Let’s talk tuner anthropology.
Cast your mind back a few decades, and it was a shaved cylinder head, extra carby and a set of headers (if you could get such a thing – if not, you made your own) that had blokes standing around in backyards in stubbies, smoking Winnie Blues and drinking cans of VB.
Next, it was engine swaps that were the gun hot-up: red motors into grey-motored Holdens, crossflow sixes in elderly Falcons and, if you were the really adventurous type, you aimed higher still and stuck a US V8 into whatever.
Head along the timeline to the 1980s or so and turbocharging was the big thing: blow-through, suck-through, none of it worked properly, but you could get that Datsun 200B honking – if only briefly. Jump ahead again, and the arrival of electronic injection and ECU control forced the tuners back to school one more time as the electron was mastered.
In 2017 in Australia, of course, the tuner car of choice is the Ford Mustang and the tune-up du jour is the positive-displacement supercharger. The trend-within-a-trend is to make the end result feel just like a stocker, but with bigger agates. And we’re seeing them pop up all over the place.
None of which explains Peter Dichiera’s latest weapons. Oh sure, they’re Mustangs, but while the rest of the tuning world is aiming for that factory-spec look and feel, Dichiera’s ignored that and gone his own, very effective, way. Not for the first time, of course, but it remains that a CSV Mustang will not be confused with a stocker.
Not for a minute. Oh no. The man himself puts it simply: “Some of these blokes are saying, ‘I’m spending plenty of money, I don’t give a toss. I want it to haul arse’." Sorted, we’d have to say.
Figuring that the Mustang offered more than one opportunity to reach an audience, Dichiera has actually developed a pair of ’Stang-based packages, taking very different paths to arrive at very different end results. That said, they have one thing in common – they’re absolutely bonkers.
The yellow car you'll see is more or less CSV’s take on a Mustang for the bloke who (to paraphrase Dominic Toretto) lives life a quarter mile at a time. Which is fine, but that also means that for the majority of us who want our Mustangs to party hard and still be a teensy bit sophisticated, the red car is the one for the masses.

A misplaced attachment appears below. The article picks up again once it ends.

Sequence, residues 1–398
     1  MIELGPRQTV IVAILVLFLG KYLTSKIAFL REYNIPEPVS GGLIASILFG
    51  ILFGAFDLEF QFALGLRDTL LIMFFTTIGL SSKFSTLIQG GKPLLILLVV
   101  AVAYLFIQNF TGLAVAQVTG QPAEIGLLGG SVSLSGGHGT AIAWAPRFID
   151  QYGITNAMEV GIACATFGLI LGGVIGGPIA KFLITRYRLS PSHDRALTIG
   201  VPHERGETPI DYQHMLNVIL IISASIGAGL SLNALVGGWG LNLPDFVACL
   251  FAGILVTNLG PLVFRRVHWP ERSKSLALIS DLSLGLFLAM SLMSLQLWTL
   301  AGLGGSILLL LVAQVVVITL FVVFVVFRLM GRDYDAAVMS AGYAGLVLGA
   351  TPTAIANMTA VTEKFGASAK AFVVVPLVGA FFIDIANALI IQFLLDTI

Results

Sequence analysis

So what makes it tick, then? The biggest piece of the puzzle is a pair of Borg Warner turbos. They run built-in dump-valves and they’re mounted way down low, in the air-stream under the car, and protected by a bash plate. Even so, I reckon you’d be a bit antsy on really lumpy bitumen, but Dichiera drove the thing from his home town of Mildura to our test rendezvous in central Victoria without dragging the snails along the road at any stage and reckons clearance isn’t a problem.
The upside is that the turbos run cooler hanging out in the breeze and the problem of getting oil uphill back to the sump is taken care of by a dedicated oil pump.
There’s a front-mount intercooler, a custom tune for the ECU and Ford Motorsport side-squirt injectors. Those ’jectors are about as big as you can go, though, without tailpipe emissions going berserk. Boost indexing is a project for the future, and at the moment, the car defaults to six pounds of boost every time the ignition is keyed on.
But a boost-controller mounted in one of the ’Stang’s cupholders (that’s one hell of a caffeine hit) can jack that up in steps all the way to nine pounds, at which point you’re looking at a stout 472kW at the treads.
Typically, and this backs up the notion that factory motors really have come a long way, the CSV crew haven’t so much as lifted a cylinder head; this is fundamentally a bolt-on transformation. Not that the rest of the Mustang package has been so fiddle-friendly. Nope, the clutch was quickly deemed to be a potential trouble-maker, so experiments began with twin-platers.
The one fitted for our test was a 280mm twin-plate job with a solid centre that aims to be a bit more traffic-tolerant than a classic-style button clutch. And while it does feel pretty sharp, there was still enough give in it to make bumbling along an okay experience. But when push came to shove on the 400m trip, the clutch turned on us, clamping its pedal flat to the floor. Turns out it’s not compatible with the stock helper-spring on the pedal.
Now they tell us. It has, of course, since been fixed. The other potential explosion to be avoided via the aftermarket was in the driveshaft department. In the end, a pair of 1200-horsepower-rated shafts were sourced and combine with the other driveline change – a move from the ’Stang’s stock 3.55:1 rear-end ratio to a slightly tamer 3.31:1 gearset to (a) make the most of all that torque, and (b) try to stop the car blowingits tyres off the rims on every half-serious launch.
The diff centre itself is a TrueTrac Torsen. KW coil-overs with external canisters replace the stock Mustang springy bits and there’s an in-house three-inch exhaust all the way to the rear bumper. Grooved Brembo rotors measuring 360mm grace the front end while the rear gets the same spec in a 340mm fitment.
There’s no matching of the rubber front to rear, instead you get a set of Pirelli P Zero 295/30 Trofeos on 20-inch alloys up front backed up by a pair of 305/35 very purposeful Nittos out back. Mickey Thompsons could ultimately get the nod.
The window-dressing bits include a range of carbon-fibre add-ons that Dichiera has cherry-picked from various body kits from the USA (including the bonnet scoop) while the interior sports one of the best pair of front chairs we’ve slumped into in a long time. They look good and they really hang on to you. Now, you might ask why CSV has gone to the trouble of this cosmetic stuff when individual buyers have their own views on which way to go here.